Inventory Pooling

Sharing resources in the field of inventory management is well known as pooling. There exist different kinds of inventory pooling, either physically by centralizing inventories at a depot or virtually by sharing local inventories through transshipments. Earlier work mainly focused on the statistical effect of pooling demand and supply risk, whereas more recent work analyzed the problem from a distributed decision making perspective. The increasing availability and visibility of real time data about inventory levels at central and local warehouses and the position of in-transit deliveries in a networked economy provides a significant opportunity to increase fulfillment efficiency and flexibility.

The challenges of inventory pooling in a networked economy are the multiple opportunities to improve performance by available real time information and the willingness to truthfully share it. This includes the value of installed base and condition information in spare parts applications and the stock and delivery status of multiple (decentralized) warehouses in distribution systems. There exist multiple decision makers having distributed private information. Cooperative game theory is only one extreme approach to distribute gains from horizontal co-operations which has often proved to not yield stable negotiation outcomes in repeated decision environments under symmetric information. Therefore, more sophisticated mechanisms to truthfully share installed base and demand forecast information with ex-post satisfactory gain/cost allocations need to be developed.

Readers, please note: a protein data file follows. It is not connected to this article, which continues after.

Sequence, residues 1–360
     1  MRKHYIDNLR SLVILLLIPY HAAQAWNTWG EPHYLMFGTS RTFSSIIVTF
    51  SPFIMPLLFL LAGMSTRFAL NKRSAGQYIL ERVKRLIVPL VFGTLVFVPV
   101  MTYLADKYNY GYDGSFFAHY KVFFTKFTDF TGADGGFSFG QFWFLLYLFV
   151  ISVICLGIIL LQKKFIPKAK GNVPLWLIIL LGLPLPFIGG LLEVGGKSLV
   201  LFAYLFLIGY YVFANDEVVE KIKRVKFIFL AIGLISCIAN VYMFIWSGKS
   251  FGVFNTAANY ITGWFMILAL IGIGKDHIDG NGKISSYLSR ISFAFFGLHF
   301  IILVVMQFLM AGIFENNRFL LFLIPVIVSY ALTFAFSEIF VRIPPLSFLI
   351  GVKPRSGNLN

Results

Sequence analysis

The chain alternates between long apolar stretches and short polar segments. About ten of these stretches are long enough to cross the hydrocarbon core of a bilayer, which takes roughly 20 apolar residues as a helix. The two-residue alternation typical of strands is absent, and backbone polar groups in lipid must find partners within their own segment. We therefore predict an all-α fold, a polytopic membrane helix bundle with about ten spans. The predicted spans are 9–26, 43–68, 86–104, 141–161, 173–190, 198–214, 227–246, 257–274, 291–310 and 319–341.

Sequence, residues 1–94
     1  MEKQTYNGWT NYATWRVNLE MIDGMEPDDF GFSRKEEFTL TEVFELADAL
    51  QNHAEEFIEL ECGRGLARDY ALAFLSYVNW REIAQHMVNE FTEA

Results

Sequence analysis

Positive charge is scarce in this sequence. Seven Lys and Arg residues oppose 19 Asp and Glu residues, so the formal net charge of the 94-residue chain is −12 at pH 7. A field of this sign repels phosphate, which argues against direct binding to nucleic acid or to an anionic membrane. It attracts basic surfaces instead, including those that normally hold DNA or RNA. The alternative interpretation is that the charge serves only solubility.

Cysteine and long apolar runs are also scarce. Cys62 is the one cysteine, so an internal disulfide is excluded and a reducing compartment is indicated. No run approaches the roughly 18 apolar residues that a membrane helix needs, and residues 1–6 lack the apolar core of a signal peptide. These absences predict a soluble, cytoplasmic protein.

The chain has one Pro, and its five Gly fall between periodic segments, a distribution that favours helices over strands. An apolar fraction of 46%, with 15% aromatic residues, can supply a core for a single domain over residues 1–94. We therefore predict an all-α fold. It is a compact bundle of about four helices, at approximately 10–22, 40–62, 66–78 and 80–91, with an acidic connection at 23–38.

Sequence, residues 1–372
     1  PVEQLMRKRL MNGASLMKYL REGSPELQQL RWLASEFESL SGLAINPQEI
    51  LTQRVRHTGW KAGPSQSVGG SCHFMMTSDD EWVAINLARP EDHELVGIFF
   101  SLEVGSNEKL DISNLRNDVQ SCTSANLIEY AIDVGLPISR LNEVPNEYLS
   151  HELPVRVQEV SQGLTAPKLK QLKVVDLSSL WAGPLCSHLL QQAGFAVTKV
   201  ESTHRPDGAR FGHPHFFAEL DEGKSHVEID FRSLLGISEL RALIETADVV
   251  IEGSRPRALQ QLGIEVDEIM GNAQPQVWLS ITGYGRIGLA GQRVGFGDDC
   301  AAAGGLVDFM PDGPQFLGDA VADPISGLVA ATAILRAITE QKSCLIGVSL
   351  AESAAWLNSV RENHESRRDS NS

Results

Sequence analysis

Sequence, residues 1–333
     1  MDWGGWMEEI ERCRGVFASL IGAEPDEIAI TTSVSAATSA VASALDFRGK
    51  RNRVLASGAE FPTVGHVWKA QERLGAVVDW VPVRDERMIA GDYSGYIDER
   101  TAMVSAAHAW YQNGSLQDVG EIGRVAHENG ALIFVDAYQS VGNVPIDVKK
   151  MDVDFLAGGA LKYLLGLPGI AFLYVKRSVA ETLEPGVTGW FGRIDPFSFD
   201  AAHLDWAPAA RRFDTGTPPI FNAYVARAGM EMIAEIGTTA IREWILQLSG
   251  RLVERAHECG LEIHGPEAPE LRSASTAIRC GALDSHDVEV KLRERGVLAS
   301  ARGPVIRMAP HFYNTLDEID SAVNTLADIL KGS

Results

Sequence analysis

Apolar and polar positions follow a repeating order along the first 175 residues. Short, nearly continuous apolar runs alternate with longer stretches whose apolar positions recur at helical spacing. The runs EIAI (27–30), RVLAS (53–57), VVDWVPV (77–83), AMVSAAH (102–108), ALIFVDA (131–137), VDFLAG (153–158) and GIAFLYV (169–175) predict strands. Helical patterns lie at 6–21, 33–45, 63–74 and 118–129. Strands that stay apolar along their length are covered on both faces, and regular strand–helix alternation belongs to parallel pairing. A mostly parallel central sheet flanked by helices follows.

The research project includes design and operational tasks. The warehouse location of pools and safety stock placement decisions are of a more strategic/tactical nature whereas the inventory deployment needs to be carried out on a short term, in an extreme case, real time fashion when a customer request arrives and the shipping source needs to be confirmed. In a distributed decision environment, a set of stable transfer pricing mechanisms is necessary to simultaneously achieve the goal of truthful initial information sharing when dimensioning the initial pool of capacities (resources) and an in hindsight cost allocation mechanism perceived as being fair and thereby ensuring a stable ongoing horizontal logistics cooperation to pool inventories.